One of the top concerns for many executives — and the trickiest to resolve — is how to embrace Web 2.0’s collaboration culture while maintaining necessary privacy and security safeguards.

Federal IT managers participating in a panel discussion called “Collaborating with Security” agreed that security and increased collaboration can coexist, but they also explained the difficulties of finding the right balance.

Much of the challenge comes from a long history in government in which security has functioned as a curb on information sharing. More of one means less of the other.

“We have [a tradition] of security not helping information sharing,” said Bobbie Stempfly, deputy chief information officer at the Defense Information Systems Agency. “I think we have to consciously choose that they actually are the same problem and can support each other instead of looking at them as always being competitive.”

For officials at NASA, Web 2.0 is not their first exposure to the collaboration/ security trade-off. They have confronted the issue before while working with foreign partners on joint projects — experience that has helped them find their way as they adopt Web 2.0 technology.
“How you balance that is really kind of an art form, but it can be done,” said Jerry Davis, NASA’s deputy CIO for IT security.  “It takes a mix of policy, technology and just common sense.”

Collaboration means talking — and listening
Meanwhile, federal officials have been bracing themselves for what many have termed a retirement tsunami. In the next decade, many vacant jobs will be filled by people who grew up using collaborative and social-networking tools as part of their everyday lives. This gives them a perspective that can present security challenges for agencies, the panelists agreed.

Because younger workers are accustomed to environments in which extreme openness is accepted and even encouraged, it is important to explain to the next generation of government workers the rationale behind certain security policies, said Simon Szykman, CIO at the National Institute of Standards and Technology.

“I think the best thing you can do is actually remember that there are people on the opposite end of these policies…and sit down and talk with them,” Szykman said. “Don’t just say, ‘You can’t do this,’ but say, ‘You can’t do this and here’s why’ and have a conversation.”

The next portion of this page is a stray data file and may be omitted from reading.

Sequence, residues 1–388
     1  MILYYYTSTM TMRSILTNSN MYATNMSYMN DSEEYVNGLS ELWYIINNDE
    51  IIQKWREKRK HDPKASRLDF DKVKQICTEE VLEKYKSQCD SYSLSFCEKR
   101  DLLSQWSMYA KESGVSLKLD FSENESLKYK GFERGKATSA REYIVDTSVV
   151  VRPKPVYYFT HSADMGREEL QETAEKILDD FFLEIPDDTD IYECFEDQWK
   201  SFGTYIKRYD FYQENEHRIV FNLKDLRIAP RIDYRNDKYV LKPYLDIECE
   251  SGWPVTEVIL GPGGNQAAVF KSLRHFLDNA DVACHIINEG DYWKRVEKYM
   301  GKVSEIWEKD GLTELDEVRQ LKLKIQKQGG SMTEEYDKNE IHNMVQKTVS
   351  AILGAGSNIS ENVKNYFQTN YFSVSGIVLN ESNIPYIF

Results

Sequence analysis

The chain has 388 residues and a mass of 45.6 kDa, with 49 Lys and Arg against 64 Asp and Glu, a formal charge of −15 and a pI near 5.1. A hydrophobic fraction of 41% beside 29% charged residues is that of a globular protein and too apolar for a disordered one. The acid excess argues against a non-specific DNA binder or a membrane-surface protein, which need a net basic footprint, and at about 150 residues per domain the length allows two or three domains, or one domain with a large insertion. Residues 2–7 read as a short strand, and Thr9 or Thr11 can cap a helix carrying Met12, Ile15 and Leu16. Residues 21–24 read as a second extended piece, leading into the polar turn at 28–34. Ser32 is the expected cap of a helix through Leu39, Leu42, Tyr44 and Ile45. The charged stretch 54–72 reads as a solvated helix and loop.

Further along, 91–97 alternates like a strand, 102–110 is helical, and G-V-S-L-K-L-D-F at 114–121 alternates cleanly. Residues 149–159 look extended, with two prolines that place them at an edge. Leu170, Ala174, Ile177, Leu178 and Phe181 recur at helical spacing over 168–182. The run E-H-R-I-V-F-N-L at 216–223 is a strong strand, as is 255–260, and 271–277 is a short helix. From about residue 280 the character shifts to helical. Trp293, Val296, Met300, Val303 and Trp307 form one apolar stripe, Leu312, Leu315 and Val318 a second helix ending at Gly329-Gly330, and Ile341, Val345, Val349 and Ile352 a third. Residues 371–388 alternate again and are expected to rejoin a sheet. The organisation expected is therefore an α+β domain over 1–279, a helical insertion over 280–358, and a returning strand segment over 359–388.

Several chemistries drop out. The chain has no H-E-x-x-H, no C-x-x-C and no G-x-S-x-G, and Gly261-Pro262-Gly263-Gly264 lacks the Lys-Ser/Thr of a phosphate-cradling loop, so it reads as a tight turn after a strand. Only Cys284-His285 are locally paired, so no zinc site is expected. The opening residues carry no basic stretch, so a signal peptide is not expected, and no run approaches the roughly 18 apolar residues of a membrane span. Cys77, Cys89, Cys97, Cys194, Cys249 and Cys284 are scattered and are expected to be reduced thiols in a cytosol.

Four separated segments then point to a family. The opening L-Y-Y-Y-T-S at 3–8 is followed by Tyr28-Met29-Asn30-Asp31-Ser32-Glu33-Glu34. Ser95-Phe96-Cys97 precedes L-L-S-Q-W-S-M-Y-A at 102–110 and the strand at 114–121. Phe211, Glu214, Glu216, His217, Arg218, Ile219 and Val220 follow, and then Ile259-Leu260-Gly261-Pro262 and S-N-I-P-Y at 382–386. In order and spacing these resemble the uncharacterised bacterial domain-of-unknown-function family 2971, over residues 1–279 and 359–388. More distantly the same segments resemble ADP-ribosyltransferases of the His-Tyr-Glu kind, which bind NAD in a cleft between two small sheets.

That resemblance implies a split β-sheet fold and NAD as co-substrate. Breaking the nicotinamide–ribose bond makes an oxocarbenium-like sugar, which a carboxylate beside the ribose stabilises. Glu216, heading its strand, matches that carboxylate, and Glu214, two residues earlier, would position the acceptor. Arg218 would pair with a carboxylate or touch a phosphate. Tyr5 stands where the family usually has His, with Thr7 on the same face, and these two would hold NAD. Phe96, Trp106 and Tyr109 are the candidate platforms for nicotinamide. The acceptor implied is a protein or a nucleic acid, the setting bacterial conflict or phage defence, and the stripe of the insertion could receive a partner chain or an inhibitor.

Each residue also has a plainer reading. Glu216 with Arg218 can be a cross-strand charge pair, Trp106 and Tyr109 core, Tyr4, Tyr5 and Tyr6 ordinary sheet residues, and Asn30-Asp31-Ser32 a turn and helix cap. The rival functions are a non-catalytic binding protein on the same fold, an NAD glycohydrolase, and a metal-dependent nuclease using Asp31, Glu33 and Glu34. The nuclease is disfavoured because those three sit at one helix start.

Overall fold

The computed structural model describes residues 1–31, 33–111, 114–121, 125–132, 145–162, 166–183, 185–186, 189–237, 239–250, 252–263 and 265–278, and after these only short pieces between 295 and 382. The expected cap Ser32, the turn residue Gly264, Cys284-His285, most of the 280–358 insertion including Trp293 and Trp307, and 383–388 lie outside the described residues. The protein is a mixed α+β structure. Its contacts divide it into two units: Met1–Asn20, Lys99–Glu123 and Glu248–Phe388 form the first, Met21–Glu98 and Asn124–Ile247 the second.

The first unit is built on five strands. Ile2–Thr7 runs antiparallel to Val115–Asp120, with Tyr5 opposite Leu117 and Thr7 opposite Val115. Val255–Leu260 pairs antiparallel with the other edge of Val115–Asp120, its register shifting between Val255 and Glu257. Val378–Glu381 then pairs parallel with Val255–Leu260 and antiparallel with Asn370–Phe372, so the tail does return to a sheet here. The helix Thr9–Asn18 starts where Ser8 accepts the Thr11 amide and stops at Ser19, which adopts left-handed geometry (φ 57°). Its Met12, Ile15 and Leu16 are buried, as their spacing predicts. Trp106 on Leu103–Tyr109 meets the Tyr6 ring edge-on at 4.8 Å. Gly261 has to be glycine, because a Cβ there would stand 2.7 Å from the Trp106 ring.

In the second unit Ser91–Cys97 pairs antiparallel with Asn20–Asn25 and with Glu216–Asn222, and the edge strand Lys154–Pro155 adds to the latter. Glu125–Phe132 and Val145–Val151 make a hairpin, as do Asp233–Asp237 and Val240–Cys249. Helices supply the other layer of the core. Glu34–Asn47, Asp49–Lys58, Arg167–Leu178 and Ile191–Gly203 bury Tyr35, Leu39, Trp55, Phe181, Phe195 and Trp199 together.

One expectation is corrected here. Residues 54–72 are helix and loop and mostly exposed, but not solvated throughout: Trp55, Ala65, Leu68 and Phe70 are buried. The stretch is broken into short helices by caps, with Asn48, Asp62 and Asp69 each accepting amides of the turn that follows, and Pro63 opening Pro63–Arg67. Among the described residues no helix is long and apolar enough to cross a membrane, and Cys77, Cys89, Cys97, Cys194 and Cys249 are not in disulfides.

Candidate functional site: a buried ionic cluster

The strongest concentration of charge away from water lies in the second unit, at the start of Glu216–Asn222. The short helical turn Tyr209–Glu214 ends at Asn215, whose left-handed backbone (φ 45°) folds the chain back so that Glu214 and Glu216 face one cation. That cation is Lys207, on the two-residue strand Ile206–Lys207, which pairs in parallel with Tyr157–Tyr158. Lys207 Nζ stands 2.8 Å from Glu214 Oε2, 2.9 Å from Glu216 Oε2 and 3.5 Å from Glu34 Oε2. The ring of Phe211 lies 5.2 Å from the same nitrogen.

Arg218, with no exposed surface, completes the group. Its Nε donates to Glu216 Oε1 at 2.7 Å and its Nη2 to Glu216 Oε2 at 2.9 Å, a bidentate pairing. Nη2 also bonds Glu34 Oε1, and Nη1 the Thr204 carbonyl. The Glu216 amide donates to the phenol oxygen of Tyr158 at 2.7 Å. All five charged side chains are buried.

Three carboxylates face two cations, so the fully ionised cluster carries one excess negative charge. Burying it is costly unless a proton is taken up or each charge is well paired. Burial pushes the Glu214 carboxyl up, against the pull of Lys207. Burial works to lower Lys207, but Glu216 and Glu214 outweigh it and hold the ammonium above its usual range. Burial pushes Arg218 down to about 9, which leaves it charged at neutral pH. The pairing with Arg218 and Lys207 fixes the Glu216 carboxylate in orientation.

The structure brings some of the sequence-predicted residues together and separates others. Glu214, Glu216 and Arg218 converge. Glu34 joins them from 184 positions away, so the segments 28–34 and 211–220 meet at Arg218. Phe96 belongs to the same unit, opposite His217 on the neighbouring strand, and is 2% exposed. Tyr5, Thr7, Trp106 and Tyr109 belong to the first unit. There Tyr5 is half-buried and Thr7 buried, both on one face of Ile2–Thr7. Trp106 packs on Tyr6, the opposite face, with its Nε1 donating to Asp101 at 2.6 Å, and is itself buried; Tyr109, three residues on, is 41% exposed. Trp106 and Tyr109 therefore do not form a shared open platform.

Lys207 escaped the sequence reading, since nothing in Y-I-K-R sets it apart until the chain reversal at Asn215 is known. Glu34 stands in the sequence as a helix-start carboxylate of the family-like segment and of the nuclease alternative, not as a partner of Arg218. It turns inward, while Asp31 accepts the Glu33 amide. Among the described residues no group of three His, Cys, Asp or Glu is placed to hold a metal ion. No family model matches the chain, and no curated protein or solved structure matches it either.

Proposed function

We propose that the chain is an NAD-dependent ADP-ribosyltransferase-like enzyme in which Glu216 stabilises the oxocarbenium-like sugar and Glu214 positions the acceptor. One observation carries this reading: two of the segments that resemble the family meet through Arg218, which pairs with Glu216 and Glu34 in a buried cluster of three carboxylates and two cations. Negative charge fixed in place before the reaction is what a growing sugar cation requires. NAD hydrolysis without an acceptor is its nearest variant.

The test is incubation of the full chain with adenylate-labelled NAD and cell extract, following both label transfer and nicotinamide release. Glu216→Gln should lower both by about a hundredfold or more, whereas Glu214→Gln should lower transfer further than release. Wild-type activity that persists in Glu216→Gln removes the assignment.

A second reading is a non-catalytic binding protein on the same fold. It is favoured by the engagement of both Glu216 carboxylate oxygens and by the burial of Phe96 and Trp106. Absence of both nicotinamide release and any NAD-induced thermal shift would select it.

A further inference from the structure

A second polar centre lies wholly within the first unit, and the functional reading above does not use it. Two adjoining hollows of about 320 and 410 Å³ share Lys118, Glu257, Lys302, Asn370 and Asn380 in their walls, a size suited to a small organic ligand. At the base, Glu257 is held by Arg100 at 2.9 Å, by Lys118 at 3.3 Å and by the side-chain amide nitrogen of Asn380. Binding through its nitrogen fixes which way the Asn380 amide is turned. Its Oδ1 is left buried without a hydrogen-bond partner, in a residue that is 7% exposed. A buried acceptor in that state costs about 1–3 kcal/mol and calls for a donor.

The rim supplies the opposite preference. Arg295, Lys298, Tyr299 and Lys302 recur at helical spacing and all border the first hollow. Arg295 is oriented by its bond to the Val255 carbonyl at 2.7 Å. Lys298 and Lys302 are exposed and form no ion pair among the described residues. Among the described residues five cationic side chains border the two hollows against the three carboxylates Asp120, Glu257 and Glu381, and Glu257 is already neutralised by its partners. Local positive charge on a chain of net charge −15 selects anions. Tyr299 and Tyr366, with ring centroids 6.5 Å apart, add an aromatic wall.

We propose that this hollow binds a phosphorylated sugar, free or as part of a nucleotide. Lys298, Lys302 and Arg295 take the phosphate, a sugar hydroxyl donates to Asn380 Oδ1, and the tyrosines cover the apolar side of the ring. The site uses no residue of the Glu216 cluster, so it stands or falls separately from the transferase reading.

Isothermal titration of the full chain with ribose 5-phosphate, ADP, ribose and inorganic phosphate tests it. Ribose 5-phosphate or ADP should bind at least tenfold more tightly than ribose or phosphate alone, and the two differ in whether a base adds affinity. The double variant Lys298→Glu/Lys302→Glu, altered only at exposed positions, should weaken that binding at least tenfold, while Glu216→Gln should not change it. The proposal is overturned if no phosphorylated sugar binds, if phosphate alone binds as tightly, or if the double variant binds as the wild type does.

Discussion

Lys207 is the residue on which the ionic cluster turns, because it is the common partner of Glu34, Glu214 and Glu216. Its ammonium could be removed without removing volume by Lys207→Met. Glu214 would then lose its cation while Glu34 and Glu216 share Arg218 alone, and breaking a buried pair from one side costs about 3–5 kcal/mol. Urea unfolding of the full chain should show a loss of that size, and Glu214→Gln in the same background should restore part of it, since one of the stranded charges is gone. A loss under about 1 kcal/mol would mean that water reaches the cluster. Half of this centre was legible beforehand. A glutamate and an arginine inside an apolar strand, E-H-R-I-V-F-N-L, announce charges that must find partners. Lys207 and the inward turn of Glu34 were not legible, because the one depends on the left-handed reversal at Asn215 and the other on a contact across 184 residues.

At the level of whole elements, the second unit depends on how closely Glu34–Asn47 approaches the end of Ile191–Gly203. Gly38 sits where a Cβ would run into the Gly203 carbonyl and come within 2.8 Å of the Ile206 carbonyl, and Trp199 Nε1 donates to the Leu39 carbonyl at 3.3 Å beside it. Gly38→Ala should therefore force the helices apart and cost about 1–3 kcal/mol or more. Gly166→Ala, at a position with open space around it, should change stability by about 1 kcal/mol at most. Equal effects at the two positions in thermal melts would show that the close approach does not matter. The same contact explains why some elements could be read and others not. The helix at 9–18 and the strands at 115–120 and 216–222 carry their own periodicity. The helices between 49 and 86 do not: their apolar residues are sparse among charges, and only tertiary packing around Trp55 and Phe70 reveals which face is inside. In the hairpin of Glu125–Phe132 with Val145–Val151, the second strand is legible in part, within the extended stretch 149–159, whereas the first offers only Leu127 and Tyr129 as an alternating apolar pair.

Also remember that getting different perspectives can be a good thing. Davis sa id that although he can try to shape the younger generation’s thoughts, they are really driving the agency to the next level.
“I have to throw out my beliefs and kind of be open-minded about what they are saying,” he said.

Listen to the people
Beyond internal or interagency coordination, government officials are also wrestling with how new collaborative tools can change their relationship with the public. Agency-hosted blogs have great potential to initiate policy conversations with citizens, but to do so the technology must support a minimum level of interactivity.

For example, some agency blogs do not allow readers to post comments, which makes them little more than new mechanisms for disseminating press releases.

The State Department’s DipNote blog, which went live in September, has garnered a lot of attention both for its interesting content and its policy of freely allowing posted comments — except personal attacks, vulgarity and hate speech.

Heath Kern Gibson, editor-in-chief of DipNote, said department officials wanted to use the blog to engage the public and create a foreign policy community. That goal made it imperative to accept reader comments. It was also important to give the blog a sense of transparency and credibility by including voices from people at all levels of the department. 

Although opening the door with such unfettered access to government policy-makers might seem unusual now, it is just a matter of time before it becomes the norm, Kern Gibson said.